Tags: couples counseling | connection | route 1 | Boston

Disconnected as a Couple? Try This

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Wednesday, 04 May 2016 04:25 PM Current | Bio | Archive

One of the most common problems I see in couples is the loss of emotional (as opposed to sexual) intimacy in their relationship.

This is true even among couples who love each other, who are committed, and who are not fighting. They report a sense of distance, of something lacking, and having trouble finding time to get together and do something meaningful.

They literally cannot be in the same place at the same time, doing something that is worthwhile.

Spending memorable time together, just the two of you, is critical for a feeling of closeness.

The most important talks a couple can have are discussions about what the two of them have done together and what are planning and looking forward to for in the future. Couple chatter that revolves around scheduling and planning for things for the children (or parents, or pets) is a necessary part of being a high functioning couple who accomplish important tasks, but it doesn’t do anything to cement two people together.

I’ve seen plenty of marriages where spouses feel lonely and alienated from each other, yet they function wonderfully for the children. But for the parents, they are in a relationship that has commitment without passion or intimacy.

Is this the kind of relationship you’re in? I have a simple technique that can help you begin to reconnect.

I call it the Route 1 Technique.

Imagine Jim and Tara. They really love each other. They each like each other, too. But somehow, they never connect.

For instance, Jim suggests they go to a line dancing party on the weekend. Tara says that her knee is killing her. The suggestion is dropped.

They spend that weekend, pretty much the only time they could really have any relaxing time together, doing low-value, low-stimulation, low-connection activities like separately playing games on the Internet or watching TV.

Before you know it, the weekend is over and the stresses of the work week begin. They both feel a little more alienated from each other.

The next week, Tara asks Jim if he will go to the museum with her on Saturday. He asks what is on exhibit, but when she tells him he’s clearly less than enthusiastic about it. They drop it again.

Tara goes to the museum and then out to dinner with a friend on Saturday. She comes home at 10 p.m., but Jim’s ready to go to sleep.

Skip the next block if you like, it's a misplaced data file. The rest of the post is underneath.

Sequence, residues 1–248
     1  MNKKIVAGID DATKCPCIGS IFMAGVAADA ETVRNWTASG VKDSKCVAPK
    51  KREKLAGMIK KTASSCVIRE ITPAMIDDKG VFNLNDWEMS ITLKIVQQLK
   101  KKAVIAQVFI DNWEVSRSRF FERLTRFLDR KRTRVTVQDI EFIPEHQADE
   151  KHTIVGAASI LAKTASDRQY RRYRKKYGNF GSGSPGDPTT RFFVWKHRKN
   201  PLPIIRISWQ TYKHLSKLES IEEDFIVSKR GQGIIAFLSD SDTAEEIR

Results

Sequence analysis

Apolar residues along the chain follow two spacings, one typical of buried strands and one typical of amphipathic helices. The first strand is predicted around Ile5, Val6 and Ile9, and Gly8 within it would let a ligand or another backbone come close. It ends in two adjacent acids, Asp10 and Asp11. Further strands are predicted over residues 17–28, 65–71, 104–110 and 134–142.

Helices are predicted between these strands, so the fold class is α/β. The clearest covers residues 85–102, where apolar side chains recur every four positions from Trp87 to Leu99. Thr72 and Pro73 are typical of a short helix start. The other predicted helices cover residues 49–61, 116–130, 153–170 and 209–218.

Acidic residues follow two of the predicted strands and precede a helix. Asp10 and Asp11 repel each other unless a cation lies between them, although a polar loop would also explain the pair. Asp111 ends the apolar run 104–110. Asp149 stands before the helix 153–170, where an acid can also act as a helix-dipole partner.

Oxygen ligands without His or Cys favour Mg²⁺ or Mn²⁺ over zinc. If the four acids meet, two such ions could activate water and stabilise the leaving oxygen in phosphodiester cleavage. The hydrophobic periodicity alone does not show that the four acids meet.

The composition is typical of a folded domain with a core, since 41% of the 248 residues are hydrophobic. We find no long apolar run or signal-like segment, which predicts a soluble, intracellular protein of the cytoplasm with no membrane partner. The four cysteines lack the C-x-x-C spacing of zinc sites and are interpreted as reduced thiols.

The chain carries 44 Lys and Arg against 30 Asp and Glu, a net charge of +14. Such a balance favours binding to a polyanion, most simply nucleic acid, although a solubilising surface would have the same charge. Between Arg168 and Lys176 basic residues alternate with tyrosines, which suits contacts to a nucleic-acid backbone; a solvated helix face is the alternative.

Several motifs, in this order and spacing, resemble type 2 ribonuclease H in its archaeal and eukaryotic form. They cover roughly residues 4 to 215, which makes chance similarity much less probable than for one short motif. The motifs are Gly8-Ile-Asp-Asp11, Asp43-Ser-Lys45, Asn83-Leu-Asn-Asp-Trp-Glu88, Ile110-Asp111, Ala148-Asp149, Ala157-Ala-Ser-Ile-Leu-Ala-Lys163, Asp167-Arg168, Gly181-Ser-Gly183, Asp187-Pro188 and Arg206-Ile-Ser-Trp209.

What about Sunday? Jim realizes he has to work on the family taxes. And so another opportunity to connect is gone for the week.

Don’t be like Tara and Jim. If you’re serious about having a great relationship, you can’t operate that way. You two have to keep coming up with suggestions for an activity, until one sticks. Take turns making suggestions.

At a seminar I took years ago, the speaker said, “It’s ok to fail, but fail fast.”

He meant that if one thing you try fails, immediately try another. And if you refuse your partner’s idea for an activity, it is up to you to quickly pitch an alternative.

One of the couples I counsel taught me this trick, which I now call the Route 1 Rule.

There is a long road called Route 1 that runs north out of Boston. It’s a fast, large road, lined with all kinds of restaurants. It’s not scenic (one Boston Globe article claimed it was the transportation equivalent of a face only a mother could love), but if you have lived in Boston, you have fond feelings for this road.

Driving north on Route 1, there are varied, reasonable choices for hungry people. But you have to know what you are doing. The traffic goes fast, and it’s not easy to turn around if you miss something.

If you waste making a decision, the restaurants end and you’ve missed your chance to eat. And you will find yourselves on a long stretch of rural road.

This couple loves to take day trips around Boston. But they would often get into a stalemate driving up Route 1 when it was time to eat. One person would suggest a particular restaurant. The other person would nix it, but then fail offer an alternative suggestion.

So they’d keep driving north, and before they knew it, they’d be past all the possible restaurants. Then they were hungry and cranky with each other.

So they made a rule: If you nix your partner’s suggestion about where to eat, it is on you to throw out another idea — quickly.

The couples I work with use this rule for suggesting activities to do together. They find that they’re having much more fun together, their lives are more interesting, and they feel closer.
 

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One of the most common problems I see in couples is the loss of emotional (as opposed to sexual) intimacy in their relationship.
couples counseling, connection, route 1, Boston
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2016-25-04
Wednesday, 04 May 2016 04:25 PM
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